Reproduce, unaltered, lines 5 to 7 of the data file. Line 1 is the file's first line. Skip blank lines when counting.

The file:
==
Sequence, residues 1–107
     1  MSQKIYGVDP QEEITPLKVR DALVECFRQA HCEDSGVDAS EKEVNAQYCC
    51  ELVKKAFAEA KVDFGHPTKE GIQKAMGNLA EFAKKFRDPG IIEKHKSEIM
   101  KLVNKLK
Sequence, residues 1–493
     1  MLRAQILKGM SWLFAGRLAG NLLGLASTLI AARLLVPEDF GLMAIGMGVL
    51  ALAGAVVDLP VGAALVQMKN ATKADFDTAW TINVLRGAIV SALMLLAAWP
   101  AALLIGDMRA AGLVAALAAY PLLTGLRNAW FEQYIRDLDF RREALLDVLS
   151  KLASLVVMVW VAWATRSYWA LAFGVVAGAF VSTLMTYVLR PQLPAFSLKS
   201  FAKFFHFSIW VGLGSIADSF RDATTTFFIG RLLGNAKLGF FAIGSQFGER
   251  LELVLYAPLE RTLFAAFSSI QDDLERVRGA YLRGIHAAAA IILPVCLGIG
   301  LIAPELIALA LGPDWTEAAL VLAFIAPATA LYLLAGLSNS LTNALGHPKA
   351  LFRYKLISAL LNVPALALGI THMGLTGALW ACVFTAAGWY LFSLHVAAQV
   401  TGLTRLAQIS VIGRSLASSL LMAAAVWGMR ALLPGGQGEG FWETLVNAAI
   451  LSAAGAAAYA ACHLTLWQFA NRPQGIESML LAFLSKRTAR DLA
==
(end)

Sequence, residues 1–493
     1  MLRAQILKGM SWLFAGRLAG NLLGLASTLI AARLLVPEDF GLMAIGMGVL
    51  ALAGAVVDLP VGAALVQMKN ATKADFDTAW TINVLRGAIV SALMLLAAWP